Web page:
The Effect of an Educational Intervention on Promoting Breast Self-Examination in Older African American and Caucasian Women
Purpose/Objectives: To test the efficacy of innovative, age- and race-sensitive, self-monitored, video breast health kits in increasing knowledge about breast cancer risk and screening and breast self-examination (BSE) proficiency.
Design: Quasi-experimental pretest and post-test design.
Setting: Dual-site study in community-based settings in the Northeast and Southeast United States.
Sample: 328 women (206 in the intervention group, 122 in the control group) aged 60 or older; predominantly African American (77%); mean education of 10.8 years; annual income below $10, 000 (50%).
Methods: Individual pretest and post-test interviews conducted by nurses at two-week intervals assessed knowledge about breast cancer risk and screening and BSE proficiency as demonstrated on vested breast models. Intervention subjects used video breast health kits in ethnic editions designed for the study. Control subjects received educational pamphlets.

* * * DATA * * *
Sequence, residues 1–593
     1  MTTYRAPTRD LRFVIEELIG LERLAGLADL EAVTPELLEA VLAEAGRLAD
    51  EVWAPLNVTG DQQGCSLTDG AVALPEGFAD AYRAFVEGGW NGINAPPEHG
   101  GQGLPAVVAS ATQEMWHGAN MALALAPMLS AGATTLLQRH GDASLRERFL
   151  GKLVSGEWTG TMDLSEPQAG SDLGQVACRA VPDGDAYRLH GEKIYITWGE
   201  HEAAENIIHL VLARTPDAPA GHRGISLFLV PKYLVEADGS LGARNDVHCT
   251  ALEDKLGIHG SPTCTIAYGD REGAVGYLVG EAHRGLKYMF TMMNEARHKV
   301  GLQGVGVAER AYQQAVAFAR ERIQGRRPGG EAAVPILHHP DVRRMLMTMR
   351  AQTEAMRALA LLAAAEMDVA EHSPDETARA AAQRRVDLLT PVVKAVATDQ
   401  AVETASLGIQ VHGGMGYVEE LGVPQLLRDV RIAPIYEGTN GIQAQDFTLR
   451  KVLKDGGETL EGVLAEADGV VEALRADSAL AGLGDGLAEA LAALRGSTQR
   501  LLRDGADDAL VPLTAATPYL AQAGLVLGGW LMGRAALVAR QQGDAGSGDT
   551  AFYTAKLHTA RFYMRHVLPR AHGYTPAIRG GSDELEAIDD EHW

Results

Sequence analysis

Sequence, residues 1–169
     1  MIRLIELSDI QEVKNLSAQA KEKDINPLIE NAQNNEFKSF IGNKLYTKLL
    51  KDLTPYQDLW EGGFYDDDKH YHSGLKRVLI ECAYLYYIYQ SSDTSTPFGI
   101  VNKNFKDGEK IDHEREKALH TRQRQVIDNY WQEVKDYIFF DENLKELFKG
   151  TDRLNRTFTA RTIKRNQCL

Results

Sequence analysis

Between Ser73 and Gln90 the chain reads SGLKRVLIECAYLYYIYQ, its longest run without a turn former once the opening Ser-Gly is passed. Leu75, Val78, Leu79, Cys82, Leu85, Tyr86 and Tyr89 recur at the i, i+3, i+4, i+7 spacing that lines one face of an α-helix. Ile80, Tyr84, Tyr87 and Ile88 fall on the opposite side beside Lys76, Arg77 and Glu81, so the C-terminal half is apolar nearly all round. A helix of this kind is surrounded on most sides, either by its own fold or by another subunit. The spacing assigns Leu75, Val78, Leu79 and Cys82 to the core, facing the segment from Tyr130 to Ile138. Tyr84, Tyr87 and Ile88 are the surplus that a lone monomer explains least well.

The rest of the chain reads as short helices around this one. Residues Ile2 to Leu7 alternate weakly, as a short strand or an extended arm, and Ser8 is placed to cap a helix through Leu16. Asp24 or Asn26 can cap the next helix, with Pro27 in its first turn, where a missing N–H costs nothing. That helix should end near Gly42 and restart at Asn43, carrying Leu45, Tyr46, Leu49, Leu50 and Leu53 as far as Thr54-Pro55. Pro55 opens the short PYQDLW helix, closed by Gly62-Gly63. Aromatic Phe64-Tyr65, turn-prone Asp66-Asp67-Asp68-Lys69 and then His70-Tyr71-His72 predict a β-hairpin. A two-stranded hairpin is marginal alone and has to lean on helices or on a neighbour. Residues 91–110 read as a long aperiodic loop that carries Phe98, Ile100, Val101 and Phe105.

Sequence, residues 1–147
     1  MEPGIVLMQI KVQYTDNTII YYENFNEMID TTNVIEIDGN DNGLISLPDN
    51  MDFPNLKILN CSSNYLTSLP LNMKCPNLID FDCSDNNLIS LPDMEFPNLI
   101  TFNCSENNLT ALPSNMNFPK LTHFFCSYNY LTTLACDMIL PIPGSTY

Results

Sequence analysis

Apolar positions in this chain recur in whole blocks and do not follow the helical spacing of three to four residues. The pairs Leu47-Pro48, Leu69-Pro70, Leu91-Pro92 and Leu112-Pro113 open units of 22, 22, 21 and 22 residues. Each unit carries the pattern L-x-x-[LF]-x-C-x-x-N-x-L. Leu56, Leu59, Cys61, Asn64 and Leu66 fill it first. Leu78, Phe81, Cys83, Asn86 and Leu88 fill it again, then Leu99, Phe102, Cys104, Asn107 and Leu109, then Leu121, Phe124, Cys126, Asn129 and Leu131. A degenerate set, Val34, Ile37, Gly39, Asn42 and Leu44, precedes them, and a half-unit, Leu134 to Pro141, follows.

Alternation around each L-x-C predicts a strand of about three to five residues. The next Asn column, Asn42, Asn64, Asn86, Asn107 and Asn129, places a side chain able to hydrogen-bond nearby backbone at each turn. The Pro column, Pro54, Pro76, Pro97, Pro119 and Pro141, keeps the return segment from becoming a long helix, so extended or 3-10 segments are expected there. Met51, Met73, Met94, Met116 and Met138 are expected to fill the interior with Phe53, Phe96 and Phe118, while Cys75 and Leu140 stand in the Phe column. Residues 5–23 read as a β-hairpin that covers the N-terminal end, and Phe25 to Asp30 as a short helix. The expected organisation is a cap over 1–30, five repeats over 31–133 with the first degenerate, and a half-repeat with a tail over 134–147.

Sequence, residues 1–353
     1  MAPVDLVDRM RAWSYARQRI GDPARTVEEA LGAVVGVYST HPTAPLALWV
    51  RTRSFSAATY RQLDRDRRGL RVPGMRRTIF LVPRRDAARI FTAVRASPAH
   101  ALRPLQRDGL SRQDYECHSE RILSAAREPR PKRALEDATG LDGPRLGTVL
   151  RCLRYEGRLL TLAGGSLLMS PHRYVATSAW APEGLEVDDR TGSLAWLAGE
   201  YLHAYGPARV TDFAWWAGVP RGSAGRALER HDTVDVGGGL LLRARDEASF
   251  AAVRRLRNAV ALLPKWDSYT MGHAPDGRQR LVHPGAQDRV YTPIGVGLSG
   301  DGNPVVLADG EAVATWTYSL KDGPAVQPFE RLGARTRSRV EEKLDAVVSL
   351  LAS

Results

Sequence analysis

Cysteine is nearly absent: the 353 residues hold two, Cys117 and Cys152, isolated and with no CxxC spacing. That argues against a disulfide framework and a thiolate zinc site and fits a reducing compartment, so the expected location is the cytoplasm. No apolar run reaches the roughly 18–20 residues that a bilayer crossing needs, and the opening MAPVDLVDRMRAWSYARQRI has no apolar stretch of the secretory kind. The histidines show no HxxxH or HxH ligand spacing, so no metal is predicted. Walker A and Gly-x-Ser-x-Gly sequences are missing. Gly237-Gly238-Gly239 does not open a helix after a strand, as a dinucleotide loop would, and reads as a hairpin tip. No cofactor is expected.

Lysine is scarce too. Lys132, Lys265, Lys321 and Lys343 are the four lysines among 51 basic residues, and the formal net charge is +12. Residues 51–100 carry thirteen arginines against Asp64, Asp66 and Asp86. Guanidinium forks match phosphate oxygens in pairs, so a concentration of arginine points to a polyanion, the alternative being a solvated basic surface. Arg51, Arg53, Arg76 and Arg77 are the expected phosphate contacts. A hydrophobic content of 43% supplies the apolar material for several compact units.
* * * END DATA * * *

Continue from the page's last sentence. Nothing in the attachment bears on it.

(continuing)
Main Research Variables: Dependent variables were knowledge about breast health and BSE proficiency measured by demonstration of inspection and palpation skills and detection of lumps in a simulation model.
Findings: Three multiple analyses of covariance revealed statistically significant differences in outcome variables between the intervention and control groups.
Conclusions: The intervention was effective in increasing knowledge about breast cancer risk and screening and BSE proficiency in this sample of older women.
Implications for Nursing: These and other educational interventions designed specifically for age and race sensitivity may enhance cancer screening with vulnerable populations. Future studies with more diverse multicultural groups are needed to improve understanding of how to best influence breast health behaviors of older women.